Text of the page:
Ghost Recon: Shadows Wars Review

Posted: June 29, 2011 in Review
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Ghost Recon: Shadow Wars

Gung-ho action franchise Ghost Recon isn’t the most obvious series to try and turn into a turn-based strategy game. It isn’t even the obvious candidate for a launch day game on a 3D system. In spite of those challenges, Ghost Recon: Shadow Wars turns out to be a surprise treat.

You take command of a team of (up to six) Ghost Recon commandos, each of which has a different weapon, secondary weapon, different armour and a different field of movement. Shadow Wars manages to avoid the usual rock-paper-scissors combat of strategy games by its clever use of squares. The battlefield is divided into squares of movement, with cover and height advantage playing an important role in deciding where to stand for your attacks. Another factor is your weapon, as each has a different range and some have splash damage that can play to your advantage – for instance, chucking a grenade causes damage to a group standing close together, while the knife will instant kill someone who is one square away.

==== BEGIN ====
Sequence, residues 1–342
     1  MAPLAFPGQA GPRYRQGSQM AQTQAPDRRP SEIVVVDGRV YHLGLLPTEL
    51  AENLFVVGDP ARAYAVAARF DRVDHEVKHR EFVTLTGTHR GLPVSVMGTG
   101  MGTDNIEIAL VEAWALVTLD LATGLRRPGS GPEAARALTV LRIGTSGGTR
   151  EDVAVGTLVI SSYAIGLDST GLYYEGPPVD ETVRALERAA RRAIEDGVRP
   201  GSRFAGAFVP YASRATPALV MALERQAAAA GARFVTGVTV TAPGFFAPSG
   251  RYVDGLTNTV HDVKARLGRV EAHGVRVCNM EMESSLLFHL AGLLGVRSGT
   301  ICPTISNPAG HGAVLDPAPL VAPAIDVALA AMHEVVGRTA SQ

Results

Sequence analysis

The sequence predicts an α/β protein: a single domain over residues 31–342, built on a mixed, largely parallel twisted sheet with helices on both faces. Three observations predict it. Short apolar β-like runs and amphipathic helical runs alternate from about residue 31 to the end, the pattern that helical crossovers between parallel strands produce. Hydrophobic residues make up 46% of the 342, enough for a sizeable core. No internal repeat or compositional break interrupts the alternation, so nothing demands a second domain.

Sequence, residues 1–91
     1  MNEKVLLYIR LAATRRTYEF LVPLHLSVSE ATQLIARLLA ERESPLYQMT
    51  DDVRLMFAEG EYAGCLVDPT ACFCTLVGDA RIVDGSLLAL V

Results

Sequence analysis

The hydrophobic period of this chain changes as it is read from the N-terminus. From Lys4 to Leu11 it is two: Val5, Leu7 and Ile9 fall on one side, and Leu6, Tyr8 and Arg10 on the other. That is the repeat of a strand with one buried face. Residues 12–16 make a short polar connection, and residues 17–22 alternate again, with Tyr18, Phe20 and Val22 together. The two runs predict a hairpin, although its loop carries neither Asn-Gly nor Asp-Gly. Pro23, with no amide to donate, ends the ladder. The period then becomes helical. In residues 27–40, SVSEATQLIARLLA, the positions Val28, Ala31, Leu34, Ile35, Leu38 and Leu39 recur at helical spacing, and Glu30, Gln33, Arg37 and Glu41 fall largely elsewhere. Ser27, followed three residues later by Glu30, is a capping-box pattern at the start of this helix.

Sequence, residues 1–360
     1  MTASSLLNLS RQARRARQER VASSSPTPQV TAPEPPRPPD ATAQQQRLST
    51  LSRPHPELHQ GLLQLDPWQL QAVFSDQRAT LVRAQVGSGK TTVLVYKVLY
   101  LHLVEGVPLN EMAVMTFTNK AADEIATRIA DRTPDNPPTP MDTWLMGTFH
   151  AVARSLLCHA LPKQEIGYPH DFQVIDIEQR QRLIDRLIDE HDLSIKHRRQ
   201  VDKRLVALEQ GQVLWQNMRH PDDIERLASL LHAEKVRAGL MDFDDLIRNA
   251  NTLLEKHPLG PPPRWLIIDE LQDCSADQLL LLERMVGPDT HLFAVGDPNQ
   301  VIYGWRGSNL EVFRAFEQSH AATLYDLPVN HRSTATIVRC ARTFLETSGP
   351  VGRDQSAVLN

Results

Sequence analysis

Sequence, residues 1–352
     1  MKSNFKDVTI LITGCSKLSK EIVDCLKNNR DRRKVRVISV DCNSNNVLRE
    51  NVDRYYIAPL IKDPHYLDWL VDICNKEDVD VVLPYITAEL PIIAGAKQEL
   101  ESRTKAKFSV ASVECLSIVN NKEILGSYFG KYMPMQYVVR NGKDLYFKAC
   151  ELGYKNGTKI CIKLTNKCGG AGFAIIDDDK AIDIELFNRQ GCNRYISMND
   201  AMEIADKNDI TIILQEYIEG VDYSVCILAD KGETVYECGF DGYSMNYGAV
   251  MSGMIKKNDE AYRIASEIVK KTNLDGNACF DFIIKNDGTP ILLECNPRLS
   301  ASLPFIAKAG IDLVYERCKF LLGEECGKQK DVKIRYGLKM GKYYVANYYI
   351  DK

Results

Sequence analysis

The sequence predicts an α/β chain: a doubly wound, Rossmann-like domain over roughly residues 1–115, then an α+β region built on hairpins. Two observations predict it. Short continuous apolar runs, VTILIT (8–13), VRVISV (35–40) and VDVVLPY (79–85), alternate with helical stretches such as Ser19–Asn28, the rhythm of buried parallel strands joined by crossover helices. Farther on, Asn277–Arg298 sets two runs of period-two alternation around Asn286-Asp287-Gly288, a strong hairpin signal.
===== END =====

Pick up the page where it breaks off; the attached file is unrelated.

The squad themselves are a nicely rounded bunch and their abilities make a difference in your approach to mission. There’s the all-rounder, medic, heavy weapons guy, sniper, invisible scout and engineer. Each successful mission allows you a maximum of two upgrades for each character (up to level twenty five), though it’s up to you which squaddies have priority.

Each time you complete a mission, you unlock either a bonus ‘challenge’ map or a multiplayer campaign. The two-player sections can be a little odd (you take it in turns using the 3DS, like the old Battleship board game), but the challenges are excellent. Set on the same maps as the missions, the challenges see you either racing against time to complete an objective, holding out against a superior force or simply trying to escape without losing a squad member. They’re fast, fun, hard and addictive.

As a strategy game, Shadow Wars may disappoint any that coming looking for more tactical gameplay – after all, Advance Wars is more in-depth than this one. However, it will probably have a wider appeal than any other strategy title simply because this game is far more accessible.

The story might be a forgettable excuse to have six Americans waging war against the entire Russian army and the final missions get bogged down in throwing hateful, too-hard robot enemies at you, but up until then the game is solid, enjoyable and extremely good fun. As a 3D strategy title, it doesn’t make that much use of the software – aside from really looking down into the playing field – but, then again, it’s good to see a game that places more value on being good than shoehorning in a silly way to play.

Shadow Wars is an enjoyable little game with plenty to do and even more to unlock. With three difficulties for each mission and a storyline lasting roughly ten hours, as well as a host of extra bonus challenges on the side, Shadow Wars comes highly recommended.



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